I never hear Clark talk about Fisher Investments. Any input about them would be helpful. My husband is thinking about switching our retirement accounts from Edward Jones to Fisher. Although Fisher charges 1.5 % in fees (vs Edward Jones 1%), he feels the added fees that Edward Jones charges with trades etc., offsets the extra half percent Fisher charges.
Thanks in advance.
PS: We are already drawing from our IRA accounts
My husband and I are dealing with the same decision. We have had our retirement accounts for 20 years with Edward Jones. We are concerned about many overlapping Mutual Funds. We are now considering switching to Fisher. We are in our mid 60s. Would appreciate any thoughts on this. Thank you.
They advertise a lot on LinkedIn (at least that’s where I see them), in case you’re wondering what they do with all those fees they collect. I have no personal experience with them.
If you’re making enough trades to offset a 0.5% difference in fees, you’re doing it wrong. If it were me, I’d be moving to Fidelity or Vanguard, investing in something with 0.10% fees or lower, and making trades no more than once per year.
… Hmmm… I wonder if the interest in Fisher Investment services has anything to do with recent market performance and the increased Fisher ads I’ve seen on TV lately.
Ask Fisher for proof of performance results as weighted per a portfolio and clientele age and risk attributes. Vanguard has advisor services that are less than 1%. I think they are 0.30% of your account value -ie- $3000 annual cost for a $1 million portfolio. If Fisher is asking for 100+ more basis points to manage your portfolio, ask them what you get for that. And yes, 100 basis points is why Ken Fisher is a billionaire.
Look at Schwab and Fidelity…
Does one of those have an office near you.
I assume with Edward Jones, that is important to you.
I have not been in a Brokerage office in probably 20 years.
Fidelity has no trade fees. Their telephone support is excellent.
BTW, I wondered about Fisher’s slogan… “We do better when you do better.” Just what does that mean? I wondered if the rate dropped during down years???
Well when you do better you have a larger account for them to take their 1.5 percent… nothing special about that… True of virtually every Mutual Fund.
To add to the above comments- Vanguard and Schwab have both the advantage of lower advisory fees and likey higher returns from using index funds rather than actively managed funds. There have been many studies of market returns that show a disadvantage to using actively managed funds.
A 2021 SPIVA report look at the performance of all active funds compared to index funds: “in 16 out of 17 domestic equity fund categories, and in 3 out of 4 international equity categories, a majority of institutional accounts underperformed over a 10-year period.”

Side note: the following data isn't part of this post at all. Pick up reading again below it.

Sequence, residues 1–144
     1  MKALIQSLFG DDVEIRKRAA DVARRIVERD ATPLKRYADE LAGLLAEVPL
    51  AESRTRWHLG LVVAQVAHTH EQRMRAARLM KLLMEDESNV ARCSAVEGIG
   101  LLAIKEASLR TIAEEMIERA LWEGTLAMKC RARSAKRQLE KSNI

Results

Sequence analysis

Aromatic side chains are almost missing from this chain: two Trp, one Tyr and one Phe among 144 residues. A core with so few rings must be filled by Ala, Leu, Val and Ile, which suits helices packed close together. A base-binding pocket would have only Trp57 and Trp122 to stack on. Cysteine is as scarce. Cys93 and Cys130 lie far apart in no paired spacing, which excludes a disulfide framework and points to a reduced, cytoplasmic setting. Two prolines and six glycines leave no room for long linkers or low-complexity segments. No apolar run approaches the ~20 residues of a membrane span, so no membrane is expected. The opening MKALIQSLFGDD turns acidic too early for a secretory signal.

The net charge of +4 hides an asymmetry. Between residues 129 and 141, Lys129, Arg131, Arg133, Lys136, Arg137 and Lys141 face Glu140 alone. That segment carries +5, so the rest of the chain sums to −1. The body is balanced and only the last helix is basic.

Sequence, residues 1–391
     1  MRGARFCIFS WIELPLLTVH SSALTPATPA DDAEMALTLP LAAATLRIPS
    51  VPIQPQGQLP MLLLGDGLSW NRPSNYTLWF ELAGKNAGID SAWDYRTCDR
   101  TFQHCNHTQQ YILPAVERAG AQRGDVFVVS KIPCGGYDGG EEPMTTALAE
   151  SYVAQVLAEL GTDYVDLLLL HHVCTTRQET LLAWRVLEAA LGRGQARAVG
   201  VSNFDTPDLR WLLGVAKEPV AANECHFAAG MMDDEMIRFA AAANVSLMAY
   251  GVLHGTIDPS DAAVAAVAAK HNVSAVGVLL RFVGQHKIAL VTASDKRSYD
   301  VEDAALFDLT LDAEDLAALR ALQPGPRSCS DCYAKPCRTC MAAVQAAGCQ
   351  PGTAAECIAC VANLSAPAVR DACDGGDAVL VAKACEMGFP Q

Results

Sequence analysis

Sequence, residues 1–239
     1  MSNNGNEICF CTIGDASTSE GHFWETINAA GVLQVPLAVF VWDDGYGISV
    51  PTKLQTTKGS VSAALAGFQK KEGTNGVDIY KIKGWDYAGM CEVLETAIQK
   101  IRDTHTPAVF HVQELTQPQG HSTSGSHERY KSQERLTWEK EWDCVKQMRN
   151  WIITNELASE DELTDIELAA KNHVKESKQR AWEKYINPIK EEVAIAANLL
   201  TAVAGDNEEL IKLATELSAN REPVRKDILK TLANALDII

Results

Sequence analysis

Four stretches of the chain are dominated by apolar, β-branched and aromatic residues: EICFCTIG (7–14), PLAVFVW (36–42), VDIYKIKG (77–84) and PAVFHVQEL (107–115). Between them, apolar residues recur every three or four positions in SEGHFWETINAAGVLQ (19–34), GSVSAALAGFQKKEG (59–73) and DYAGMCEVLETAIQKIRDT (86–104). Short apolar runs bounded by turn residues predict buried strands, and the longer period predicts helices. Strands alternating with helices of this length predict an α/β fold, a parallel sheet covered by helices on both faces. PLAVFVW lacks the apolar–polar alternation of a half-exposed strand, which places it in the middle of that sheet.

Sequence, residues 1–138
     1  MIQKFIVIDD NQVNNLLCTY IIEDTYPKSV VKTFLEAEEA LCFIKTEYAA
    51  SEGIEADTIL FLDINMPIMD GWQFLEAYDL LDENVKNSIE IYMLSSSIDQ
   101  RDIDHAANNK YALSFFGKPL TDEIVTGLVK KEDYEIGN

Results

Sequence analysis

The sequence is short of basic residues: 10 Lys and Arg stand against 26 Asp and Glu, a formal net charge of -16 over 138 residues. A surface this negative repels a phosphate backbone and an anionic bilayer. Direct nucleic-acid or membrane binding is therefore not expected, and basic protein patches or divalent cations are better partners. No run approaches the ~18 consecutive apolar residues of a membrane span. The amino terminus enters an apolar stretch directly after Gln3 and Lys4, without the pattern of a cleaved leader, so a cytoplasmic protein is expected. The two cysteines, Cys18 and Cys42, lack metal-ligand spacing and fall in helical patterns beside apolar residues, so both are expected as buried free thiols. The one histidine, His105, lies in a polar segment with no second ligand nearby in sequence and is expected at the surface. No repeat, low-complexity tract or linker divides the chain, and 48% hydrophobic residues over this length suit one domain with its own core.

A 2022 SPIVA report looked at how the small percentage of of actively managed fund that did well for 1 year did over the next 2 years; “Of the actively managed equity funds whose 12-month performance placed them in the top quartile (25%) of their respective category as of June 2020, not a single fund maintained its top-quartile(25%) performance over the next two 12-month intervals.”
U.S. Persistence Scorecard Mid-Year 2022 - SPIVA | S&P Dow Jones Indices.
IMO, anything is better than Edward Jones. The may charge lower fees but they put you in high cost products that have loaded fees and other underlying fees. They will also churn your account. After a few years, they will put you into another account and get their commission again. This is coming from a former insurance agent that has dealt with Ed Jones.
I would run, not walk away from Ed Jones. You are most likely paying all sorts of fees you didn’t know about.
I’ve seen them a lot on Fox News and Lifetime when I watch Golden Girls - not a political thing but a demographic thing - seen it on YouTube as well so they’re focusing on the 55+ demographic. Yes some YouTube is promoted towards early Gen Xers and late baby boomers so I’d expect them to advertise on shows that have reverse mortgage ads too
I’ve heard something that said Friends are older now than the Golden Girls were when they first aired.
They are in the “problem awareness” stage of the sell cycle, (convince the prospect they have a problem.)
Next step is to develop that problem into a bigger and more serious problem in the prospect’s mind.
Then you present possible solutions, (your products,) to solve the prospect’s problem. At this stage you try and transition to the role of a “expert consultant,” to help the person solve their problem.
And then together, “we,” (the salesman and the prospect) find a Goldilock’s solution to solve the prospect’s serious problem.
Then it’s "thank goodness, we found the thing that will save you from financial disaster… “just sign right here.”
Lesson: Don’t buy anything till you’re sure you have a problem worth the price of the proposed solution.
Which is the same for every investment with every company. It’s not inaccurate, but kinda misleading, as if they’re the only company that does this.
For fee-based brokers it’s more a case of we do better when you churn your assets. And given the many shifts in customer vs stockholder loyalty many publicly-held entities have displayed over he past few decades, I would question your observation as it relates to them as well.